Ideally, facts should be bedrock of every speech. But having an audience whose thirst cannot be quenched by facts is far from ideal. An audience, who, rather than pinpoint vital points made by speakers, punchlines and puns are what they are on the lookout for. Well, there is little blame that can be written against their names. After all, there is an award for the best punchline and non for the best facts. Would you blame them?

The condition to which the audience are subjected is in itself unideal. They sweat to their pants. They strain their ears to pick what is said at times because the microphone is bad. They at times even find it tasking to see speakers because the hall is not well lit. Such conditions are not ideal for effective speaking; how earth can an ideal audience be met in such an unideal atmosphere?

In accordance to the stipulation of the National Institute for Civil Discourse Standards of Conduct for Debates, the audience of a debate must: refrain from creating disturbances to other audience members, candidates and moderators; practice active listening when someone else is speaking, seeking to understand them. Duke, here in UI reverse is the case. If a speaker delivers well, rather than a subtle reaction, the whole auditorium is upturned by Jaw War audience; thereby, the judges are barred from further grasp of the speaker’s points. If he doesn’t, he gets a backlash; thereby, they eat up the little confidence left in such speaker. Only a few are able to retrieve it back. I’m not even sure Jaw War audience know rules guide them same way rules guide the debaters.

This moment, memories of the US Presidential Debate between Ogbeni Enujawaya Donald Trump and Iyaafin Hilary Clinton comes to mind. By using standard as yardstick, this is a standard debate with a near ideal audience. As intense as the atmosphere was, the control of the audience was well managed. However, in the case of our dear audience in Jaw War, once they are punched by a punchline or tickled by a pun, they go wild and go gaga. Duke, do we still doubt the unideal of this audience? On this, I leave you with the words of Ron Paul that, setting a good example is a far better way to spread ideals than through force of arms. I believe we can do better and learn from good examples here and there.

To add, the Third Edition of Oxford Dictionary of English describes ideal as something that is perfect and flawless. Inferring from this, in the real sense of the word, Jaw War audience is far from been perfect. A crowd numbering up to a thousand is an aggregate of many character, many mind-sets, many intentions. In them we would have intellectuals, we would have intellectual vegetables; in them, we would have those whose aim is to learn how speakers speak, and some others how to boo erring speakers. If a Jaw War audience is ever going to pass the ideal test, then they must be perfect for the intent of the competition which is to solve global problems and not the other way round.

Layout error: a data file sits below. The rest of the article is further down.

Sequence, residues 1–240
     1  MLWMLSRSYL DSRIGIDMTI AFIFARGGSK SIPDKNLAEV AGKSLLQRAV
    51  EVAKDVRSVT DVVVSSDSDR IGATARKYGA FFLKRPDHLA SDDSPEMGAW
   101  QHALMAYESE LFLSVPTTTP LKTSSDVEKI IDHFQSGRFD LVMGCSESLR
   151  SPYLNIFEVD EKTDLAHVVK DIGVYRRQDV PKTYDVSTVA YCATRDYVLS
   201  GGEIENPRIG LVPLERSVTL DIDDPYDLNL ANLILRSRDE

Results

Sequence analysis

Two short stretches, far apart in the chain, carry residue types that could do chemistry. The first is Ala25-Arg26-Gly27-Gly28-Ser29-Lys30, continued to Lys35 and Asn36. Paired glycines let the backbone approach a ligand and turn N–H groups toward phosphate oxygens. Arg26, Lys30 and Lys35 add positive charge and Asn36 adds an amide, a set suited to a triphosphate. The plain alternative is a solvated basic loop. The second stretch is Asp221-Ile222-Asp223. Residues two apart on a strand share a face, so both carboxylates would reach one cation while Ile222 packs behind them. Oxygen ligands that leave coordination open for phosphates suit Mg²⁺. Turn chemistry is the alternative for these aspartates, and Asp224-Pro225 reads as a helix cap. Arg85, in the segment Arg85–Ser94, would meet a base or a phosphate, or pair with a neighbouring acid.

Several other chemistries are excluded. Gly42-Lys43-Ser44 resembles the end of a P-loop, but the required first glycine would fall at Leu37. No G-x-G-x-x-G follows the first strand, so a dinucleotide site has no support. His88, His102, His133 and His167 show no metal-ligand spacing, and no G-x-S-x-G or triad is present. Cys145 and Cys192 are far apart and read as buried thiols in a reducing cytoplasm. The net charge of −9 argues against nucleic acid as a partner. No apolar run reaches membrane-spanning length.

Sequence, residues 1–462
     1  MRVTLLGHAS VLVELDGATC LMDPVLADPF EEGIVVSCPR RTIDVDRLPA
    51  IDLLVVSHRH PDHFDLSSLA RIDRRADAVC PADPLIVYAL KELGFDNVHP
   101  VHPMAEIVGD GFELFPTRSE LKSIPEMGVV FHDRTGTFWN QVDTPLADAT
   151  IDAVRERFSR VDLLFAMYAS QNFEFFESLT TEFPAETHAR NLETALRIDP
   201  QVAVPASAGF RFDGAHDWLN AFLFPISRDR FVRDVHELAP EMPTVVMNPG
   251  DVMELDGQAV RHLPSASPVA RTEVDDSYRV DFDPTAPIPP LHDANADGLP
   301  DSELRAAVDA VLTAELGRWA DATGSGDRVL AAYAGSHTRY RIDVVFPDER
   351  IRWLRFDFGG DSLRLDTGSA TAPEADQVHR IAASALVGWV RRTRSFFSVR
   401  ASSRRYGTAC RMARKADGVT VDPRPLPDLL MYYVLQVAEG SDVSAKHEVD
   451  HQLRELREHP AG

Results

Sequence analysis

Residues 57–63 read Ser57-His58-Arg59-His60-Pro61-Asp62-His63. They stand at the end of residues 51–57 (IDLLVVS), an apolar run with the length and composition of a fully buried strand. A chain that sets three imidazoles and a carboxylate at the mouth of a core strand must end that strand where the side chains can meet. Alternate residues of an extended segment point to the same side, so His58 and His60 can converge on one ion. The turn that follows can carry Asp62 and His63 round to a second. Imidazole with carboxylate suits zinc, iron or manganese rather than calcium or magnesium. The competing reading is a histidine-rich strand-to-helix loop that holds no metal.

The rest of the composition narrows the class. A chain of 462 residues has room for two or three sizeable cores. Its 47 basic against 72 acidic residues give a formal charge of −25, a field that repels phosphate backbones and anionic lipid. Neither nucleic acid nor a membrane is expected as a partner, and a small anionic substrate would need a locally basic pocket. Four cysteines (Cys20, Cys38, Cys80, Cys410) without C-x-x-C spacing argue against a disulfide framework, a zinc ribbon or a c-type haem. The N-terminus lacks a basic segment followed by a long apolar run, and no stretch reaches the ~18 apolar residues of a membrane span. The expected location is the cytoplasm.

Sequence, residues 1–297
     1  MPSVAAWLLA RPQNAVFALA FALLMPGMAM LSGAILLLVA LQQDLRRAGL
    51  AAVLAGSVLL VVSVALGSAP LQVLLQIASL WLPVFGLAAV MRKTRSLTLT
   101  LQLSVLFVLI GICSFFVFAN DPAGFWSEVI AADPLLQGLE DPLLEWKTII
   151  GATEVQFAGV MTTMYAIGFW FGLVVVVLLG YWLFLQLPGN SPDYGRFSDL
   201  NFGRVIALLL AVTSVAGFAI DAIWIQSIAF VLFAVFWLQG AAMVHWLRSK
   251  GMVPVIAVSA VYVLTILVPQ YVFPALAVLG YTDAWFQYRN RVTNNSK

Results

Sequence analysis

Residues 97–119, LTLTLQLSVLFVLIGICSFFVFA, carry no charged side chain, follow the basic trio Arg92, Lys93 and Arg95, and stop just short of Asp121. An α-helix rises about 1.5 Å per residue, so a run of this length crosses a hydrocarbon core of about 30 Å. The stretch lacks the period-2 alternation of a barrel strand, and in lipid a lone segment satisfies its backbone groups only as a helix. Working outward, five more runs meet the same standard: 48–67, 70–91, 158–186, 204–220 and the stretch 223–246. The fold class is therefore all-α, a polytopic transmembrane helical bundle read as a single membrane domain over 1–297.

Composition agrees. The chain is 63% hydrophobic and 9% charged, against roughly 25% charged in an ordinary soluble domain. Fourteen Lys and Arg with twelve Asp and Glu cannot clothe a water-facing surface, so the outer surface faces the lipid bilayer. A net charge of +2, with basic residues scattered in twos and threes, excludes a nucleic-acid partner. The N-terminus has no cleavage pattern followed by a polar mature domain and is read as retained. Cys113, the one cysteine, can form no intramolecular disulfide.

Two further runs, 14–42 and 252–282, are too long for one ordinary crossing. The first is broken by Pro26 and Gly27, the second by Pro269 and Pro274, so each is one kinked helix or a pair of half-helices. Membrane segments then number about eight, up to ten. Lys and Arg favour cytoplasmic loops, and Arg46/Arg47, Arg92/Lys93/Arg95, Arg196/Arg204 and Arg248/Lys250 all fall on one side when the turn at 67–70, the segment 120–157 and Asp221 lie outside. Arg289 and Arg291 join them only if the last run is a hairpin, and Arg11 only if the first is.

In all, Dukes, I’m not suggesting that the organisers of Jaw War should search the length of Agbowo or Poly in search of an ideal audience. No. Rather, I’m simply saying that UI audience can do better in making Jaw War a world standard competition in terms of speaker’s speeches and audience attitude. I’m simply saying that unnecessary crowd reaction during speakers’ delivery can be held until the completion of their speeches. I understand that some speakers are exceptionally genius for their lines not to trigger occasional reflex reactions. But let it be occasional and controlled. Let us hearken to the advice of the Yoruba: if it is too much, it loses its sweetness; a good soup is severed in measured quantities.

CONCLUSION: This column is about you; it presents the two sides of a case courtesy of two writers from different schools of thought. “Audi alteram partem” means hear the other side before passing your judgment. Take the gavel, make your decision and slam because you are the judge in this courtroom. You can vote for the scribe whose argument you adjudge better by using the poll option on our website.
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Do you think Jaw War audience is an ideal audience for a standard debate?